Unaccompanied Adolescents Seeking Asylum: Poorer Mental Health Under a Restrictive Reception

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Abstract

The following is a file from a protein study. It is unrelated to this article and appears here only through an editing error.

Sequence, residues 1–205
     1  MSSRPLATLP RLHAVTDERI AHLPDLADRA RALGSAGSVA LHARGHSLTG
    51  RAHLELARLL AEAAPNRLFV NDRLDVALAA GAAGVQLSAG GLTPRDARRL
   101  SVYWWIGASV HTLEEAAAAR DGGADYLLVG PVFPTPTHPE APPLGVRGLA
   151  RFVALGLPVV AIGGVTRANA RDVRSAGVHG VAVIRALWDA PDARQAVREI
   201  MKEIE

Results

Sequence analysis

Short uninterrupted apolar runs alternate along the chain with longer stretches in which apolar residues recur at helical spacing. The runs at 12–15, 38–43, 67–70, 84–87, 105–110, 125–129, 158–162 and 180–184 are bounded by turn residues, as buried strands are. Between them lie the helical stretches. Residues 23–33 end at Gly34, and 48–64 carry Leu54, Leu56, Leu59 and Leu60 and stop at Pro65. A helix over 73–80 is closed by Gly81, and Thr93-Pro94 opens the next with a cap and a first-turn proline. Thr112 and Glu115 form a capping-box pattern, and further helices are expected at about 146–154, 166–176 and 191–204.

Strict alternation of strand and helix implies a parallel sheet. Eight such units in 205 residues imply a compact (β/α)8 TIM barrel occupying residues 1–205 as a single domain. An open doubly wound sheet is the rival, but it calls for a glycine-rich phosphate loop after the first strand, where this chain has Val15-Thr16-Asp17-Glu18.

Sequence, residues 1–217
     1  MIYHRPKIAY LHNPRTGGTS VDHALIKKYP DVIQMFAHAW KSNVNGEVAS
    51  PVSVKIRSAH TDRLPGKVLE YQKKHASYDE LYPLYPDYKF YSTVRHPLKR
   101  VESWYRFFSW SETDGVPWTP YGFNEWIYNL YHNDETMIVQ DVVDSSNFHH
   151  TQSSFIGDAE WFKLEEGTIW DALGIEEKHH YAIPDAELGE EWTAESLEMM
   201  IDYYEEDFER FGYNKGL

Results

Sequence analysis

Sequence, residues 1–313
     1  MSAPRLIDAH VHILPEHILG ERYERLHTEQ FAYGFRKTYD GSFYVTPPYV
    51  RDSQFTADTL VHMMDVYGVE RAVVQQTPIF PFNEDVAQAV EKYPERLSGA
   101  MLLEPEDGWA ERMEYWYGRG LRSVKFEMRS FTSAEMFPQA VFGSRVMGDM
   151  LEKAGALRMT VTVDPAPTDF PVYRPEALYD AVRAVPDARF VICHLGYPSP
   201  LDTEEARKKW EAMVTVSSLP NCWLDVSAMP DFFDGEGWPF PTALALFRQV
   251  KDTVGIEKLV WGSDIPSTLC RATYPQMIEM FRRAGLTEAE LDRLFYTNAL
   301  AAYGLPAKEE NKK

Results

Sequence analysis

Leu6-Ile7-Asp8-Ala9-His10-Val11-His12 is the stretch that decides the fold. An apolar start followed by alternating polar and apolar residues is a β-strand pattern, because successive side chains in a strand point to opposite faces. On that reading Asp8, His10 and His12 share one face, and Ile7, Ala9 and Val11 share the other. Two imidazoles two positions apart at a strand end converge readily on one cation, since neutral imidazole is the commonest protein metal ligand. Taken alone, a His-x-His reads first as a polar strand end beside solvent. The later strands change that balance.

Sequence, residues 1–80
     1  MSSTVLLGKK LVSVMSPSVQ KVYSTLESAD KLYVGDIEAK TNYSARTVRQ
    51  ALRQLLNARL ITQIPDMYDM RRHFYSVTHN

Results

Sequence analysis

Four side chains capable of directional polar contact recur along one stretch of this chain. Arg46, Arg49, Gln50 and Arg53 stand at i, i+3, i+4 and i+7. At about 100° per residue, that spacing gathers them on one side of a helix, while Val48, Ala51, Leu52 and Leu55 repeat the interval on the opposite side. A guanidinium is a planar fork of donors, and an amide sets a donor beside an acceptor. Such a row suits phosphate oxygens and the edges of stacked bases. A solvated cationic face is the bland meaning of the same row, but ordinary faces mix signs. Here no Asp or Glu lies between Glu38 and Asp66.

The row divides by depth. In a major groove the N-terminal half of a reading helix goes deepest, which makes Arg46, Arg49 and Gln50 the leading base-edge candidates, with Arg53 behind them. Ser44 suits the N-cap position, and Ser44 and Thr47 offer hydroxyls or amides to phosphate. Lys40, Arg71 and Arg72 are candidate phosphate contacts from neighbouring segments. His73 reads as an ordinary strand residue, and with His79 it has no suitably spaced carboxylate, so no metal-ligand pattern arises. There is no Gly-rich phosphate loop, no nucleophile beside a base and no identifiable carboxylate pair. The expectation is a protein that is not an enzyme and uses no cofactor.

We assessed the effects of a stringent reception policy on the mental health of unaccompanied adolescent asylum seekers by comparing the mental health of adolescents in a restricted campus reception setting and in a setting offering more autonomy (numbers [response rates]: 69 [93%] and 53 [69%], respectively; mean age, 16 years). Unaccompanied adolescent asylum seekers in a restricted reception setting reported more emotional problems on the Hopkins Symptom Checklist than their counterparts in the more autonomy group (mean scores [SD]: restricted, 59.3 [13.1]; other, 53.4 [10.5]; p = 0.033, F test). Main effects concerned a rise in anxiety. Girls showed larger differences than boys. A restrictive reception may therefore affect the mental health of minor asylum seekers. Health care workers and policy makers should be aware of this adverse effect.

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